Luke Hochevar’s horrible season ends with 10-run inning

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Despite sporting a 7-13 record and a 5.36 ERA, Luke Hochevar got a vote of confidence from the Royals’ organization earlier this month. He’s responded in classic Hochevarian fashion; he gave up 22 runs over 24 innings in his last four starts.

Hochevar’s season officially ended during the Indians’ 10-run fifth inning on Sunday. Hochevar didn’t give up all of the runs, but he was charged with nine in 4 2/3 innings, taking his ERA up to 5.73. It’s not the worst ERA in the majors — Ricky Romero came in at 5.76 — but considering that Kansas City’s Kauffman Stadium plays as a pitcher’s park, he rates as the AL’s least effective starter this year.

By Baseball-Reference’s ERA+. Hochevar’s season could end up rating the worst of any qualified starter since 2008. Tim Lincecum’s 2012 is actually worse right now (he’s at 68, the third worst mark since 2000), but the San Francisco park factor will likely be revised to something less extreme later on. Also, as rough as Lincecum’s season has been, he’s allowed just three unearned runs. Hochevar has allowed nine. Romero gave up six.

At least Hochevar can take solace that his season doesn’t rate as the worst in Royals’ history. The late Jose Lima went 5-16 with a 6.99 ERA in 32 starts for Kansas City in 2005.

Rockies acquire Zac Rosscup from Cubs

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The Rockies announced a minor swap of relief pitchers on Monday evening. The Cubs sent lefty Zac Rosscup to the Rockies in exchange for right-hander Matt Carasiti.

Rosscup, 29, was designated for assignment by the Cubs last Thursday. He spent only two-thirds of an inning in the majors this year and has a 5.32 career ERA across 47 1/3 innings. Rosscup has spent most of the season with Triple-A Iowa, posting a 2.60 ERA in 27 2/3 innings.

Carasiti, 25, spent 15 2/3 innings in the majors last year, putting up an ugly 9.19 ERA. With Triple-A Albuquerque this season, he compiled a 2.37 ERA and a 43/13 K/BB ratio in 30 1/3 innings.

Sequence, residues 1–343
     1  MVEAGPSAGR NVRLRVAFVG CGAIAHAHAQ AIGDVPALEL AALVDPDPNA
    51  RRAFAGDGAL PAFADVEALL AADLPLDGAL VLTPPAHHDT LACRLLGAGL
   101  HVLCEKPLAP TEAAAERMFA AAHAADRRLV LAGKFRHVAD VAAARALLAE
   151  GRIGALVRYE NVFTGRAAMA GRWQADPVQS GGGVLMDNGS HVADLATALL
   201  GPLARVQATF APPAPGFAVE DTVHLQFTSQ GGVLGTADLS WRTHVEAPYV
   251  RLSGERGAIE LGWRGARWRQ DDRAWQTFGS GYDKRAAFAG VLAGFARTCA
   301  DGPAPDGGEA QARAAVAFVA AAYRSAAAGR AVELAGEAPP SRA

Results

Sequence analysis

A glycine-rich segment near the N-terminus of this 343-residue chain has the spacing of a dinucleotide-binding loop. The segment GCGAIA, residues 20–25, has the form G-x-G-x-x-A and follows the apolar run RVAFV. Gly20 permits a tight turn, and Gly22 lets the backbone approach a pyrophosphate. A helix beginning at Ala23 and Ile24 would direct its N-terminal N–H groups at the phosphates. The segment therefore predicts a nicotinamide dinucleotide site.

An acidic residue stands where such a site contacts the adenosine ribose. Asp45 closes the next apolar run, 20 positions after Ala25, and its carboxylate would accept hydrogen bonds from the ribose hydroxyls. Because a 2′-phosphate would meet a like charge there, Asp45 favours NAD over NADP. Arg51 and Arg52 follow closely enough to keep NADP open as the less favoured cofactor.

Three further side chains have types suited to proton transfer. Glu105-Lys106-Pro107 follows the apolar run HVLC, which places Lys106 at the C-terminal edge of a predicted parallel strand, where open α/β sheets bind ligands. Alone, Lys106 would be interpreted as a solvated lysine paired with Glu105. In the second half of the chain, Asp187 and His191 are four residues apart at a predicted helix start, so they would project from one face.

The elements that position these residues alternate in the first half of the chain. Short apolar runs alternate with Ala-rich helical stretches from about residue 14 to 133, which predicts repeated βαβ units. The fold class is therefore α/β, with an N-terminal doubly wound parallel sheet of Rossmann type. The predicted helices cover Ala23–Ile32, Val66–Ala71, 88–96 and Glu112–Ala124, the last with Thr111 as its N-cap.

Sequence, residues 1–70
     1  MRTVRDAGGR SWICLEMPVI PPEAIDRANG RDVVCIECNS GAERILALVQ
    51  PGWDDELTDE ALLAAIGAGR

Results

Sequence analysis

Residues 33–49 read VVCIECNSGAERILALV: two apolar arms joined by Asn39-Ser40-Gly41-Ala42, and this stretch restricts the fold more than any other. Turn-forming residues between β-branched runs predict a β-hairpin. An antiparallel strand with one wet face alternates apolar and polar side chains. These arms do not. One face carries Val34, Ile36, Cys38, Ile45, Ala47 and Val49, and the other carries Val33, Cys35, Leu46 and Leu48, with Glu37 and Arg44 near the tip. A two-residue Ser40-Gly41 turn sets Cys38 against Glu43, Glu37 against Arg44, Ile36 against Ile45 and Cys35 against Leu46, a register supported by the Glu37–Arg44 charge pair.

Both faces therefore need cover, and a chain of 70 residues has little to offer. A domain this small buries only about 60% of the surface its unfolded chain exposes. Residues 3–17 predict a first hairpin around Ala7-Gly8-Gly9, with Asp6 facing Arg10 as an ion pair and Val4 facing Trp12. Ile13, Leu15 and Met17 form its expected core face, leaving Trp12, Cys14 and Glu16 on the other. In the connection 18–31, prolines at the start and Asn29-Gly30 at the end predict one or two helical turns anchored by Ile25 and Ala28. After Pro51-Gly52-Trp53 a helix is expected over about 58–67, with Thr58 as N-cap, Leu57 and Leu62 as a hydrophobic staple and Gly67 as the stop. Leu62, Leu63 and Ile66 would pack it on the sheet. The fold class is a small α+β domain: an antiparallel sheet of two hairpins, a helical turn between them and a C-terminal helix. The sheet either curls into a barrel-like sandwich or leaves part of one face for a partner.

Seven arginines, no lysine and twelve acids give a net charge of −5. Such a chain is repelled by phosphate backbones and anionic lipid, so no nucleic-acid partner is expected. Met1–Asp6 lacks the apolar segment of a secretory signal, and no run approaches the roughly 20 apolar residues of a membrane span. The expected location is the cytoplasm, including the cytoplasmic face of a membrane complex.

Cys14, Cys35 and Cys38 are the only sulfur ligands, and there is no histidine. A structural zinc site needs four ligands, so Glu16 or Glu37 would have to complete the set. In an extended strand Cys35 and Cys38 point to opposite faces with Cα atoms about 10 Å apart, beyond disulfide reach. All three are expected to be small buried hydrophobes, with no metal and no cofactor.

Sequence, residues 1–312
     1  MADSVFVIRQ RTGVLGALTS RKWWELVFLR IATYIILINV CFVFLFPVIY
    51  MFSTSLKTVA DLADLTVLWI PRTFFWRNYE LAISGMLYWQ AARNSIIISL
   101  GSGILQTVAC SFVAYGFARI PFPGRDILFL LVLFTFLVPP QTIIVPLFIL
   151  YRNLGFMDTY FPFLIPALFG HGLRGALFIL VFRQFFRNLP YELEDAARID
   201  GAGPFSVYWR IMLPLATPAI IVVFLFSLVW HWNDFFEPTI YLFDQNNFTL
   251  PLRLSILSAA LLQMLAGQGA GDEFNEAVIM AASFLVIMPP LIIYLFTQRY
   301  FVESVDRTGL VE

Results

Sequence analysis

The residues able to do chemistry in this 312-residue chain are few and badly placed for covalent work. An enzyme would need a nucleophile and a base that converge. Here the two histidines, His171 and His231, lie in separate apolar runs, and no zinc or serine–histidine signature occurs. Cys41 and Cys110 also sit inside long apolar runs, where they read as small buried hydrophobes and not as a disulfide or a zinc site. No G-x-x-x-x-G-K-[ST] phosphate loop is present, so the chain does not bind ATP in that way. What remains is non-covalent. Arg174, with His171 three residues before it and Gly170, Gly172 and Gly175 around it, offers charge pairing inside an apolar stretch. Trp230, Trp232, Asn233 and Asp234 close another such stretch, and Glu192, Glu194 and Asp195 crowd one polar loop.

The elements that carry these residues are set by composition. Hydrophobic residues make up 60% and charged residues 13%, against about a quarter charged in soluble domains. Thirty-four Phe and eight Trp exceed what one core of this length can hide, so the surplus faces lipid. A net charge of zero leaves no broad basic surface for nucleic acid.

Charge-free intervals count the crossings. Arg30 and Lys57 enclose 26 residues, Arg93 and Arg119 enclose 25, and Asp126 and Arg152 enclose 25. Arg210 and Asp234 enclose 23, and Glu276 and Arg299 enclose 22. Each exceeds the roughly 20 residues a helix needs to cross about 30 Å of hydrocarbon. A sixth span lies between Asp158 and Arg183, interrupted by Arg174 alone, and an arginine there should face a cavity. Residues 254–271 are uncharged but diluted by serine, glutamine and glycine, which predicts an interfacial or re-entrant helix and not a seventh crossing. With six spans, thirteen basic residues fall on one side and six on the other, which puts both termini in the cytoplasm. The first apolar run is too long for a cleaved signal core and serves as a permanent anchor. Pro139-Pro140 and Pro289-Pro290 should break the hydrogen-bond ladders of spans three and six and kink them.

U.S. Court of Appeals affirms ruling that the minor leagues are exempt from federal antitrust law

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The Associated Press reported that on Monday, the U.S. Court of Appeals for the 9th Circuit affirmed a district court ruling which holds that the minor leagues are exempt from federal antitrust law, just like the major leagues.

In 2015, four minor leaguers sued Major League Baseball, alleging that MLB violated antitrust laws with its hiring and employment policies. They accused MLB of “restrain[ing] horizontal competition between and among” franchises and “artificially and illegally depressing” the salaries of minor league players.

The U.S. Court of Appeals said the players failed to state an antitrust claim, as the Curt Flood Act of 1998 exempted Minor League Baseball explicitly from antitrust laws.

This case is separate from the Aaron Senne case in which Major League Baseball is accused of violating the Fair Labor Standards Act. That case was recertified as a class action lawsuit in March. In December, Major League Baseball established a political action committee (PAC), which came months after two members of Congress sought to change language in the FLSA so that minor league players could continue to be paid substandard wages.